Propagation News – 17 July 2016

| July 15, 2016

We got the HF prediction half right last week. We forecast the unsettled geomagnetic conditions that struck us on Tuesday, but NOAA got the week’s solar flux index prediction totally wrong. Prior to last Friday the sun had been almost completely spotless, but a new crop of sunspots broke out, pumping the SFI from the mid 70s to the high 90s. This was enough to wake up the higher HF bands, with DX being workable at times on 15 and 10 metres during the IARU HF World Championship last weekend.

Looking forward, sunspot 2565 looks well established and should help keep the SFI higher. The US Air Force predicts the SFI will start the week at about 92 and tail off to 77 by Friday. If that is the case HF DX might be more easily workable this weekend and earlier in the week.

Solar flare activity from sunspot 2565 may be possible and could lead to relatively short-lived HF disruptions at times.

Geomagnetic conditions are predicted to be reasonably settled early in the week, with perhaps more unsettled conditions some time between Tuesday to Thursday due to solar coronal hole activity.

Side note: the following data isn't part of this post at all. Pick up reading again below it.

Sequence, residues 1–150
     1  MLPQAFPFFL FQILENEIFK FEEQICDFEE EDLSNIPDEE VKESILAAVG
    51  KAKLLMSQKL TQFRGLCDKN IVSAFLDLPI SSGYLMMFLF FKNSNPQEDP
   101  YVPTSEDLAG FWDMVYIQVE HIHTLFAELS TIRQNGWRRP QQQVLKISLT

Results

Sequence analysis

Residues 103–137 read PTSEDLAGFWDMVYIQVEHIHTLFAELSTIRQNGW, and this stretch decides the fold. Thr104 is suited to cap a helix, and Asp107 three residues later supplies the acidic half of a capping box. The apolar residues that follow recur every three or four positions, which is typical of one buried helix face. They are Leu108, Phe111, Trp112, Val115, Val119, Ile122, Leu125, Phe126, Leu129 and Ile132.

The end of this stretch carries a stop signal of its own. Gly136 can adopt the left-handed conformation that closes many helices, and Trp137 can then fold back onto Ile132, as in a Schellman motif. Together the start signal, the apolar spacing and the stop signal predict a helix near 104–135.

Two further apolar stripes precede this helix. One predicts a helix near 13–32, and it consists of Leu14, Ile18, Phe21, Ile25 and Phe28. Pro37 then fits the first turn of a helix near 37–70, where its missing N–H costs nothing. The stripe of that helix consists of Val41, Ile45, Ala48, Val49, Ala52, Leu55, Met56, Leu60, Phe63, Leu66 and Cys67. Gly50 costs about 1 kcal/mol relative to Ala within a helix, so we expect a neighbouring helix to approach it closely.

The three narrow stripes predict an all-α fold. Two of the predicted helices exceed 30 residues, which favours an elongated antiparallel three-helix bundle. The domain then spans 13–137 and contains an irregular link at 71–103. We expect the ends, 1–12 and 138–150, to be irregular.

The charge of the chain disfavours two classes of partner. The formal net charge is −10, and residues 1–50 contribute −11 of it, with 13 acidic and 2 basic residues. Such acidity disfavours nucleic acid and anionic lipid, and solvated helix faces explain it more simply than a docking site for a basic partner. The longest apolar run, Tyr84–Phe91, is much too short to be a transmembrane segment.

Sporadic E activity could also bring short-skip conditions from 20 to 10 metres at times, but more of that later.

VHF and up propagation

July is still in the midst of the sporadic E season so that’s probably the best exotic mode to seek out again during the coming week. Look during late morning and early evening to save wasted effort, while checking beacons and clusters for a heads-up on what’s happening.

The RSGB forum propagation section contains a daily blog on the location of jet streams, which might be instrumental in forming sporadic E. This can give an early indication of prospects and which direction might be best. There’s still a little time before the season ends to get a few more locator squares in the log.

The prospects for tropospheric propagation are a little above average at first with high pressure nearby over southern Britain this weekend, but expect it to decline early in the week. Tropo paths in summer tend to favour sea paths and any paths over land are best overnight until just after dawn, when heating will break down any inversion. Once the high breaks down, the more unsettled weather pattern will give options for some rain scatter on the GHz bands from mid-week onwards.

The moon is at its lowest declination today and losses are high all week, so the Moon will be low in the sky and only visible for a few hours.

Category: GB2RS Propagation News